I view thee, lord and end of my desires.
That is, "I desire nothing more but thee! Thou art the thing that I long for! All my desire is unto thee, and unto the remembrance of thy name." Now, if this is not flat idolatry, I cannot tell what is.
Having largely considered what those idols are of which the Apostle speaks, I will come now to inquire (which may be done more briefly) how we may keep ourselves from them.
1. In order to this, I would advise you, First, be deeply convinced that none of them bring happiness; that no thing, no person under the sun, no, nor the amassment of all together, can give any solid, satisfactory happiness to any child of man. The world itself, the giddy, thoughtless world, acknowledge this unawares, while they allow, nay, vehemently maintain, "No man upon earth is contented." The very same observation was made near two thousand years ago: --
Nemo quam sibi sortem
Seu ratio dederit, seu fors objecerit, illa
Let fortune or let choice the station give
To man, yet none on earth contented live.
And if no man upon earth is contented, it is certain no man is happy. For whatever station we are in, discontent is incompatible with happiness.
2. Indeed not only the giddy, but the thinking, part of the world allow that no man is contented; the melancholy proofs of which we see on every side, in high and low, rich and poor. And, generally, the more understanding they have, the more discontented they are. For,
They know with more distinction to complain,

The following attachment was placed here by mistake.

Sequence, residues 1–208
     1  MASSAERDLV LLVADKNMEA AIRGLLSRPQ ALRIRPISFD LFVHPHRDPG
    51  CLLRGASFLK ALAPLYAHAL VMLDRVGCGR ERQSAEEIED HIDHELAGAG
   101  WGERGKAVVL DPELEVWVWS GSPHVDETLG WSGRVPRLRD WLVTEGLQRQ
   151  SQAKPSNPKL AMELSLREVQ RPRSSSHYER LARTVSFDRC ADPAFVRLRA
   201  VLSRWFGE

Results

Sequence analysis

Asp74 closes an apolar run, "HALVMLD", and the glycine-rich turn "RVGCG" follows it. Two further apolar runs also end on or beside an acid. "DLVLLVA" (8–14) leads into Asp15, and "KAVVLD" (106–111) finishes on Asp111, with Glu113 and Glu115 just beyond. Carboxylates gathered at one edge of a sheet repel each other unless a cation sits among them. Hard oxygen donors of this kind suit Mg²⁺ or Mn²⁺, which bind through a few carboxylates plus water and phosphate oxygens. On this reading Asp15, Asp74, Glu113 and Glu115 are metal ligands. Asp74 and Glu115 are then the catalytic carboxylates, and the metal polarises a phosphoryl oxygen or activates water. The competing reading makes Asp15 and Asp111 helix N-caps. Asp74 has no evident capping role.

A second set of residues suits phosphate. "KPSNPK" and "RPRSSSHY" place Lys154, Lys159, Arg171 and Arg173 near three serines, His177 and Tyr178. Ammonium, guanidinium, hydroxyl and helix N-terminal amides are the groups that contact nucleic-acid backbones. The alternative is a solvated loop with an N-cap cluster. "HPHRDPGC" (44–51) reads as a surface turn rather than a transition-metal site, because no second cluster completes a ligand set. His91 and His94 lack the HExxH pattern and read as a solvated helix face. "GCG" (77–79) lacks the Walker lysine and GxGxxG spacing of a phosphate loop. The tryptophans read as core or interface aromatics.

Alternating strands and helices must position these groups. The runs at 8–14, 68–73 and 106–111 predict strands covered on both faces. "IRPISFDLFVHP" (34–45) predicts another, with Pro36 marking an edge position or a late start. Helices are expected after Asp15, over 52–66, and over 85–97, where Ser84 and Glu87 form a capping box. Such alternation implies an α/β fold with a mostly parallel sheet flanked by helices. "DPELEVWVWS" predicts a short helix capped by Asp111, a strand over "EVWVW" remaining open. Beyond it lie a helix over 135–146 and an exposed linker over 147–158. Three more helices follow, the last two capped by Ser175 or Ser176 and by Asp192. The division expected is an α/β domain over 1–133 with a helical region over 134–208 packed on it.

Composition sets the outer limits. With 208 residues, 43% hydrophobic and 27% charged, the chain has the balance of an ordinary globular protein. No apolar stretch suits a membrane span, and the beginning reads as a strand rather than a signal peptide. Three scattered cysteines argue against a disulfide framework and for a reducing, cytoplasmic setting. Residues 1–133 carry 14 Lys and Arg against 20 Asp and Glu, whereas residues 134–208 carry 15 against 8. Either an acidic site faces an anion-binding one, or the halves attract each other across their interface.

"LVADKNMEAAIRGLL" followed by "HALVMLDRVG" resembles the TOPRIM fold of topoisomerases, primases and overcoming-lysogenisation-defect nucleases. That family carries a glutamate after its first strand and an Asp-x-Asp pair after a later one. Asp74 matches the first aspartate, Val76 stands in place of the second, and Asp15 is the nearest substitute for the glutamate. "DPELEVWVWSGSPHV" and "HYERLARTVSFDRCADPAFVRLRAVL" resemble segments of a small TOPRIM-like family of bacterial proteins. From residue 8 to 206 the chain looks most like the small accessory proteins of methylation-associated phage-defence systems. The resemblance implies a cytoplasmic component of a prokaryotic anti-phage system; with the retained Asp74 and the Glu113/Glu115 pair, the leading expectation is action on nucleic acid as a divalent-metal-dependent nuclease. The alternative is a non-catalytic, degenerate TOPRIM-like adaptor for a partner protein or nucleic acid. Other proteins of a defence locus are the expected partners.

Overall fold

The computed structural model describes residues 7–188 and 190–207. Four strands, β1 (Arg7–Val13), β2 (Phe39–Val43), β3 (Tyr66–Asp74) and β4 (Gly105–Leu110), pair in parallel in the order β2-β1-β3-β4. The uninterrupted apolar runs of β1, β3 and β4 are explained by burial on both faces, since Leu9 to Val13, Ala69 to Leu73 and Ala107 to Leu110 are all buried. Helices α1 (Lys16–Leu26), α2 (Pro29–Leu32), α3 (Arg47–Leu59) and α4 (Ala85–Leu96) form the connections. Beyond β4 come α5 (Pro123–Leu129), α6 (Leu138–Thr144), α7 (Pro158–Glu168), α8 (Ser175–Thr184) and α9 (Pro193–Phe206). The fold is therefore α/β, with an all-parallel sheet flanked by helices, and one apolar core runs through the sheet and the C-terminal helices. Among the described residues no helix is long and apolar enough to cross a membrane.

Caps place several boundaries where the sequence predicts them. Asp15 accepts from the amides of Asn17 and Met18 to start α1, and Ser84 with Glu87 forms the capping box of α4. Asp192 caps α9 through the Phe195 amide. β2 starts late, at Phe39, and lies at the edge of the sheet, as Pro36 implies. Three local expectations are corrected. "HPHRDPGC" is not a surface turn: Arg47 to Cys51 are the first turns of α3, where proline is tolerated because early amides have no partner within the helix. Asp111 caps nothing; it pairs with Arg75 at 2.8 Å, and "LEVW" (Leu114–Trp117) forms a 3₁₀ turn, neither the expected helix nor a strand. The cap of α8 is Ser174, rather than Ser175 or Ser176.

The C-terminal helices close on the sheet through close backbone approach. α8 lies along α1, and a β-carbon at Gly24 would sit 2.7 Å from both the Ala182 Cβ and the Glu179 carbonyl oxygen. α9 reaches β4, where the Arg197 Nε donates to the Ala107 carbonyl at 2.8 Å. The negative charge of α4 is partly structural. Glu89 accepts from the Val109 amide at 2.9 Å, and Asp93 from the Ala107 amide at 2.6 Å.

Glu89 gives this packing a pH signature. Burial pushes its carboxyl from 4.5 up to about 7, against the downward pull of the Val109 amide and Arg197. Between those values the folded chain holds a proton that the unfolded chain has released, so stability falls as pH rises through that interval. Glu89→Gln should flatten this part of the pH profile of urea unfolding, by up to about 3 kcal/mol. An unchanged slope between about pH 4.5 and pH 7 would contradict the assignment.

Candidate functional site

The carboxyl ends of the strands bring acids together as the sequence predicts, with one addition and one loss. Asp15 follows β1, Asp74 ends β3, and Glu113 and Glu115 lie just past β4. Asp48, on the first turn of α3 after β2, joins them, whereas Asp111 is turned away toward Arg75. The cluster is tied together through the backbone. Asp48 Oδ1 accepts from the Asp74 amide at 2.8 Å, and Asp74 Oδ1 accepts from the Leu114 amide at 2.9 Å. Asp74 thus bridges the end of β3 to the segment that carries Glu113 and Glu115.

And have superior sense in feeling pain.
It is true, every one has (to use the cant term of the day, and an excellent one it is) his hobby-horse; something that pleases the great boy for a few hours or days, and wherein he hopes to be happy! But though
Hope blooms eternal in the human breast;
Man never is, but always to be, blest.
Still he is walking in a vain shadow, which will soon vanish away! So that universal experience, both our own, and that of all our friends and acquaintance, clearly proves, that as God made our hearts for himself, so they cannot rest till they rest in him; that till we acquaint ourselves with him, we cannot be at peace. As "a scorner" of the wisdom of God "seeketh wisdom, and findeth it not;" so a scorner of happiness in God seeketh happiness, but findeth none.
3. When you are thoroughly convinced of this, I advise you, Secondly, stand and consider what you are about. Will you be a fool and a madman all your days? Is it not high time to come to your senses! At length, awake out of sleep, and shake yourself from the dust! Break loose from this miserable idolatry, and "choose the better part!" Steadily resolve to seek happiness where it may be found; where it cannot be sought in vain. Resolve to seek it in the true God, the fountain of all blessedness; and cut off all delay! Straightway put in execution what you have resolved! Seeing "all things are ready," "acquaint thyself now with him, and be at peace."